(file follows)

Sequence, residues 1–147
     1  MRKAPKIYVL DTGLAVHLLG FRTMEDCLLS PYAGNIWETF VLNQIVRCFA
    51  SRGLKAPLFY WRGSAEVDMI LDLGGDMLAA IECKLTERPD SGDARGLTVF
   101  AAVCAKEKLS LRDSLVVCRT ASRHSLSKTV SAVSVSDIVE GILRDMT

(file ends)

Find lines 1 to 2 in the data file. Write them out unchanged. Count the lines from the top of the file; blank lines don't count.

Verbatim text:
Sequence, residues 1–147
     1  MRKAPKIYVL DTGLAVHLLG FRTMEDCLLS PYAGNIWETF VLNQIVRCFA